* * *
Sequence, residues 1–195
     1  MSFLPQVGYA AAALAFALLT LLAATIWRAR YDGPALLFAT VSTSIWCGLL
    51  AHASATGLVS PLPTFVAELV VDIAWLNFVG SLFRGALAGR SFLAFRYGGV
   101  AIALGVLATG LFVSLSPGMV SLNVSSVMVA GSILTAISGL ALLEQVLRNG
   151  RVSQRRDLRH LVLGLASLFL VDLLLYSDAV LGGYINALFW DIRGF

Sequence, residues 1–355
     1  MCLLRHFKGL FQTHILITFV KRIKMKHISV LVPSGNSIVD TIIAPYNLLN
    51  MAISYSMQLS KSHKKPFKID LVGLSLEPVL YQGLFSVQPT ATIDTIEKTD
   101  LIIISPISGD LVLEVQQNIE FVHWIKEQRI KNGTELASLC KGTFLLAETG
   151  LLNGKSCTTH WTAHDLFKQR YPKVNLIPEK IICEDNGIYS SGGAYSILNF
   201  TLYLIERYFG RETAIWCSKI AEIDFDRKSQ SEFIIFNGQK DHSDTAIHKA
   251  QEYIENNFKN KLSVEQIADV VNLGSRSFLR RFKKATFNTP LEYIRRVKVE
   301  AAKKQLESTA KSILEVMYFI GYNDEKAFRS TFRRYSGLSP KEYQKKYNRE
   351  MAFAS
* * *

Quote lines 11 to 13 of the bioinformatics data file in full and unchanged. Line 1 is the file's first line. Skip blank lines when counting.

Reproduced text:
   201  TLYLIERYFG RETAIWCSKI AEIDFDRKSQ SEFIIFNGQK DHSDTAIHKA
   251  QEYIENNFKN KLSVEQIADV VNLGSRSFLR RFKKATFNTP LEYIRRVKVE
   301  AAKKQLESTA KSILEVMYFI GYNDEKAFRS TFRRYSGLSP KEYQKKYNRE